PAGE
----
Man-made nesting platforms have boosted Lake Wanaka’s population of endangered great crested grebes/kāmana.
Over the last two years, only one pair of grebes lived in the Roys Bay area on the lake but thanks to some innovative work by Wanaka zoologist John Darby, seven breeding pairs have nested and produced 27 chicks and a further five eggs are due to hatch.
The population of endangered great crested grebes/kāmana has recieved a boost
One of the problems faced by this special water bird is they live on floating nests and Lake Wanaka’s fluctuating levels mean their nests either flood or are left high and dry. They cannot walk on land due to their anatomy – their legs are far back on their body – making them vulnerable to predators. Also, there is a lack of suitable habitat.
John said the grebes had been unsuccessful in breeding onshore, and even tried to build a nest on the back of a boat, so he has spent the past two years studying them and designing a floating wooden nesting platform. To handle the lake’s north-westerly storms, he has modified the design from being tethered by ropes and hooks to bolts and chains.
Man-made nesting platforms for great crested grebes/kāmana
“The grebes were disturbed by well-intentioned people, and dogs, predators and changing lake levels caused problems. So I moved their nests onto platforms, towed them by kayak to the Roys Bay marina, and tethered them to the floating platform where they aren’t disturbed by predators. Surprisingly, activity on the marina doesn’t bother them and boaties have been careful around them,” John said.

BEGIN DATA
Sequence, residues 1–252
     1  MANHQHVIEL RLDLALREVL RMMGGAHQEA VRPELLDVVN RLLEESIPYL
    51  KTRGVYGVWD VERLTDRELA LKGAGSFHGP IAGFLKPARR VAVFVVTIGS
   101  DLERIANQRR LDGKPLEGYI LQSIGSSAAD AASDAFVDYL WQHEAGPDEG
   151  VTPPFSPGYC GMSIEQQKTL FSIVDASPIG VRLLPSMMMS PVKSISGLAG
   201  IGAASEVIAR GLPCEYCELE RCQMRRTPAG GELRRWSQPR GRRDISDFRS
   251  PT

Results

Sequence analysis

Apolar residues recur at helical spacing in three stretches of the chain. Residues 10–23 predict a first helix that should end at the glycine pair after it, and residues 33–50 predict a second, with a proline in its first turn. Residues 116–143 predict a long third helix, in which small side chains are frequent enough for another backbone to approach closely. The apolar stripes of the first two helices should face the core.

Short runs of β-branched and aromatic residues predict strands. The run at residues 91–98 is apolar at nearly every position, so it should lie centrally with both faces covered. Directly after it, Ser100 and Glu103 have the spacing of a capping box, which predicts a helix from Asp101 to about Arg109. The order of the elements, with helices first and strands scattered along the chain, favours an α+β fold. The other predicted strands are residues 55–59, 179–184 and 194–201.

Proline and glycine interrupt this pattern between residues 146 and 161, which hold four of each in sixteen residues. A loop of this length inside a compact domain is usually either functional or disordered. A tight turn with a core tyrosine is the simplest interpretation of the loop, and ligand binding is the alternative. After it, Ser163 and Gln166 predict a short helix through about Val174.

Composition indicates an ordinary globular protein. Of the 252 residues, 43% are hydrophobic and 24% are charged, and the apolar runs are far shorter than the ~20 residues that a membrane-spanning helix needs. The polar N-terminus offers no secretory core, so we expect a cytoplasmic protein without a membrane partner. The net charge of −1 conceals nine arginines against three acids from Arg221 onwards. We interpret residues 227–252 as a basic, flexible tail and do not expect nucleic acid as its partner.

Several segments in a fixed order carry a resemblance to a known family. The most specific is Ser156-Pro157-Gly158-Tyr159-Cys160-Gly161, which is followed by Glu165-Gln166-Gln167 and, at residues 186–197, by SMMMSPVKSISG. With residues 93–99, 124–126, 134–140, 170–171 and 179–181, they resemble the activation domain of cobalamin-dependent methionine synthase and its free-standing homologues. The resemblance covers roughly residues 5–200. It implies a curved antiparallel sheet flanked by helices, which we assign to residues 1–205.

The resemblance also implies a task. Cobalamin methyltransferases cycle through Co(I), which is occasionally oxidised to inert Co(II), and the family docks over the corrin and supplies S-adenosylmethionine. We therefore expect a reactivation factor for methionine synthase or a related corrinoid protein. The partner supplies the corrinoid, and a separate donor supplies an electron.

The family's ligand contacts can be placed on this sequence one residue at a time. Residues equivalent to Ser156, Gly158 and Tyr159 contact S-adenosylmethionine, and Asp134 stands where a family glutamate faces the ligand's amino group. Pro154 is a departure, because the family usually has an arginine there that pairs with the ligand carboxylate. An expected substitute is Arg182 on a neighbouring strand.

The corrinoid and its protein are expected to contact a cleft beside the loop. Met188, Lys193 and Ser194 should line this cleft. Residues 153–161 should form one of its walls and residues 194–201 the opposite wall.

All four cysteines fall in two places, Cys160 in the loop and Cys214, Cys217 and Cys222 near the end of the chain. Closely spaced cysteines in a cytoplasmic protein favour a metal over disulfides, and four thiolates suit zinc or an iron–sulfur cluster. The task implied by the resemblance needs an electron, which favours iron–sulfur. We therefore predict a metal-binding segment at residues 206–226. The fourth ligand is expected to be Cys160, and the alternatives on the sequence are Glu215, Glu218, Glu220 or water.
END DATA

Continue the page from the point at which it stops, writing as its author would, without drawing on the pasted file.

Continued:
Now the birds are happily breeding in the area, John is keen to involve other people in continuing conservation and management of grebes by developing a grebe reserve beside the marina.
A family of great crested grebes/kāmana
John has a Department of Conservation (DOC) concession to trial his nest platforms. DOC Wanaka ranger Flo Gaud said John’s dedicated conservation work has led to the increase in the number of breeding pairs on the lake and she reminded people to give the nesting grebe’s some space.
The legs of grebes are set well back on their bodies to enhance their diving skills, at the expense of mobility on land. For this reason, the birds rarely, if ever, come ashore.
Grebes once inhabited at least 100 South Island lakes but numbers have been declining and now only 300-400 remain in the South Island. They are fully protected.
Numbers have declined mainly due to introduced predators and habitat loss through wetlands drainage and the establishment of hydro schemes.
Nests can be stranded or flooded by artificial fluctuations in lake levels. Wash generated by motorised water craft can also swamp nests and destroy eggs while the noise can scare adult birds leaving eggs or chicks exposed to the cold or predators.
Animals like stoats, cats and raptors can prey on eggs and fledglings, and introduced fish and birds compete for food and breeding space.